BYOD delivers big cost savings at US equal employment agency
Your choice: Trade in your BlackBerry for a dumb phone. Keep your BlackBerry with no upgrades. Or BYOD.
Image: Shutterstock
Share on LinkedIn

BYOD delivers big cost savings at US equal employment agency

I-CIO editorial team – January 2013

Two-pronged strategy drives down mobile device costs at EEOC while facilitating greater collaboration.

When Kimberly Hancher, CIO at the US Equal Employment Opportunity Commission (EEOC), learned that her 2012 IT operating budget was to be reduced to $15 million — down 15% from 2011 — it was not immediately clear to her where cuts could be made without impacting on the agency’s performance.

She started gradually, reducing contractor services and eliminating some software maintenance contracts. After that, she turned her attention to the agency’s $800,000 per year budget for mobile devices, with the aim of slashing it by 50%. First, however, her team conducted a thorough assessment of how the 550 BlackBerry devices that the agency issued to around 23% of its workforce were being used.

The results were surprising. “We found that 75% of our users never made phone calls from their BlackBerrys. Email is the killer app. They either used the phone on their desk or their personal cellphone to make calls, because it’s just easier,” says Hancher. She adds that some devices were hardly used at all: staff parked them in their desk drawers and only ever took them out when travelling on agency business.

Hancher suggested a two-pronged strategy for device cost reduction. First, the EEOC would negotiate with its wireless carrier to optimize rate plans for all agency-provided mobile devices. Second, it would implement a bring-your-own-device (BYOD) pilot program. For the first part of the strategy, initiated in November 2011, devices that weren’t used were eliminated and remaining ones were moved to a bundled rate plan. The immediate effect was a saving of $240,000.

“For EEOC’s younger employees, their personal devices appear to be an extension of their personalities.”

The second part of the strategy, meanwhile, came into force a month later, when the commission launched the first phase of its BYOD project. It convened an advisory group to work on relevant policies and later enlisted 40 volunteers who agreed to relinquish their EEOC-issued BlackBerrys and use their own smartphones.

The commission’s IT team worked with cloud-based mobile device management (MDM) provider NotifyLink to configure the exchange of email between EEOC’s email gateway, NotifyLink’s host, and the agency’s pilot participants who were using a range of iOS and Android devices. This MDM system costs the agency $120 per user, per year, and allows its IT team to manage security settings on employee-owned devices and remotely wipe government data if devices are lost or stolen.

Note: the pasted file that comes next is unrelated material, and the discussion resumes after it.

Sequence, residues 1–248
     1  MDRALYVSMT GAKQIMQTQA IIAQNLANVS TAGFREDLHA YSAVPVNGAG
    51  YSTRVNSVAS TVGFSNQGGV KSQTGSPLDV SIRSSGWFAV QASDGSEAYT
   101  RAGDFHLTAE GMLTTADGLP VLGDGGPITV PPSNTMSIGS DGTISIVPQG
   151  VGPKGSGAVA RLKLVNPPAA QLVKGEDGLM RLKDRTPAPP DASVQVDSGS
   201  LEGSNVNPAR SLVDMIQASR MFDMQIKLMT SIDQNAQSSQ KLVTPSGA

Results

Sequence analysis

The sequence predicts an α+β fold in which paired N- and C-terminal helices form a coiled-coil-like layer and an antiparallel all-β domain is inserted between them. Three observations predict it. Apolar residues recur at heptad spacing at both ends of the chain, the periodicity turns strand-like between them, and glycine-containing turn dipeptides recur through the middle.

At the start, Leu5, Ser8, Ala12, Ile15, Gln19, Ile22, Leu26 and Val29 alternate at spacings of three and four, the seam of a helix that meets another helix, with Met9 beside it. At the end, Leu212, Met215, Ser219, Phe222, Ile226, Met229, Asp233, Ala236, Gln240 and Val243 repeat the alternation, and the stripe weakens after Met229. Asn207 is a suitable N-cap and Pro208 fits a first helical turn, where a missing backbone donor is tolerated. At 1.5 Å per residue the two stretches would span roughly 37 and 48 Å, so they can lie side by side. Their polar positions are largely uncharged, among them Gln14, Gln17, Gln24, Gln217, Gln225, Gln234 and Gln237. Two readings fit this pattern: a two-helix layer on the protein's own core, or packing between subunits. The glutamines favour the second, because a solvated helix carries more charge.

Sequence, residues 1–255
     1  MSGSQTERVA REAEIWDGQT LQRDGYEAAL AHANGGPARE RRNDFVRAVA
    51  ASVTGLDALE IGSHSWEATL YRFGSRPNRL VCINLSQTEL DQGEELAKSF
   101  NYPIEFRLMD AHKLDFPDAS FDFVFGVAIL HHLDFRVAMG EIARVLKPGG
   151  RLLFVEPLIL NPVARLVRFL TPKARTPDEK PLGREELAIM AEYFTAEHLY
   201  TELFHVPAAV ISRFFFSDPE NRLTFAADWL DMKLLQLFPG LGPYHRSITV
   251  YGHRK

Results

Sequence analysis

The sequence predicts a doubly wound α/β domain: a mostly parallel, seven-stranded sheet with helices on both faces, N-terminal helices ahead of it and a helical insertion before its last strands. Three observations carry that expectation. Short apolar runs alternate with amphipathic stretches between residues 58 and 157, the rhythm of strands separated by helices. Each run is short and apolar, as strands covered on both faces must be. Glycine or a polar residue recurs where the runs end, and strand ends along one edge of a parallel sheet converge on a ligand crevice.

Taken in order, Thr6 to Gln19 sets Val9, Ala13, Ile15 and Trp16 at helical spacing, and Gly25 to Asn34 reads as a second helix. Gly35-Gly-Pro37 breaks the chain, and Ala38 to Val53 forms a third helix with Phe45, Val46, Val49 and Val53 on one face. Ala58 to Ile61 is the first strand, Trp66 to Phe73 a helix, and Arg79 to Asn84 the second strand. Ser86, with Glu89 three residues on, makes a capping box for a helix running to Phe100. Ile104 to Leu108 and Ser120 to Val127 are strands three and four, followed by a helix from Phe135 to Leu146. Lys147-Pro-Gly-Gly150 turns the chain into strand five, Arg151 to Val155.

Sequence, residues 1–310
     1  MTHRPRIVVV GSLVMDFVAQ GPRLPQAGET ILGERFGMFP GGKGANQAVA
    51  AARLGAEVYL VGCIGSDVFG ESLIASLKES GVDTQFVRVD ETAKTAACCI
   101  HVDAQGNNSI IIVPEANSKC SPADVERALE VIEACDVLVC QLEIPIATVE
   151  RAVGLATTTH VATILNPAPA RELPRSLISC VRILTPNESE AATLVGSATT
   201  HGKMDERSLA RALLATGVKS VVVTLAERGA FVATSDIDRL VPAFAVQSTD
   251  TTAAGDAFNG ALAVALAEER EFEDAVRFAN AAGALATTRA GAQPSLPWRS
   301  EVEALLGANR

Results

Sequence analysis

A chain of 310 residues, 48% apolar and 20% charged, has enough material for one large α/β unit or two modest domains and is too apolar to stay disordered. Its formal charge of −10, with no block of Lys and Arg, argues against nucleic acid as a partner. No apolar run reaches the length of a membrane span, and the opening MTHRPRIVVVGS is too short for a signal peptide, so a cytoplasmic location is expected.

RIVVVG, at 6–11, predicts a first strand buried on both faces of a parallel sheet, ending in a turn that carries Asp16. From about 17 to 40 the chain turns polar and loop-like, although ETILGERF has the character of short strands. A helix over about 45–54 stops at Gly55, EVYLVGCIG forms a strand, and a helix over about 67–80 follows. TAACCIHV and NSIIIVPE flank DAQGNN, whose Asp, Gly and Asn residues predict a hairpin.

Within the first three months of 2012, the number of BlackBerry devices the agency owned was cut from 550 to 462, and monthly recurring costs were reduced by between 20% and 30%. By June 2012, the commission was ready to extend BYOD to employees still using agency-issue BlackBerry devices, but also gave them two other options: to trade in their BlackBerry for an agency-issued mobile phone with voice features only; or to keep their BlackBerry, on the understanding that the EEOC will no longer offer replacement devices.

The current BYOD program requires employees to pay for all voice and data usage, even for work purposes. That may prompt some cost-conscious users to stick with their EEOC-issued BlackBerrys for now, the agency acknowledges. “However, for EEOC’s younger employees, their personal devices appear to be an extension of their personalities, so to speak,” says a published statement by the commission. “For seasoned workers, their personal device allows them to do administrative work from home.”

Hancher agrees. “While I’m not advocating working 24/7, it is just more comfortable to sit and do timecard approvals on a Friday night in the comfort of your own home instead of during the working day, when your attention should be on more complex and business-oriented issues,” she says.Executive insight

• A shift from BlackBerry to BYOD saves 20% to 30% of mobile overhead
• Anticipate the resistance from users with smart (and cost-effective) alternatives
• Keep the big picture in mind – fluid corporate and customer collaboration

For more on the US Government’s BYOD policies, see The White House’s toolkit.

First published January 2013
Share on LinkedIn

    Your choice regarding cookies on this site

    Our website uses cookies for analytical purposes and to give you the best possible experience.

    Click on Accept to agree or Preferences to view and choose your cookie settings.

    This site uses cookies to store information on your computer.

    Some cookies are necessary in order to deliver the best user experience while others provide analytics or allow retargeting in order to display advertisements that are relevant to you.

    For a full list of our cookies and how we use them, please visit our Cookie Policy

    Essential Cookies

    These cookies enable the website to function to the best of its ability and provide the best user experience for you. They can still be disabled via your browser settings.

    Analytical Cookies

    We use analytical cookies such as those used by Google Analytics to give us information about the way our users interact with - this helps us to make improvements to the site to enhance your experience.

    For a full list of analytical cookies and how we use them, visit our Cookie Policy

    Social Media Cookies

    We use cookies that track visits from social media platforms such as Facebook and LinkedIn - these cookies allow us to re-target users with relevant advertisements from

    For a full list of social media cookies and how we use them, visit our Cookie Policy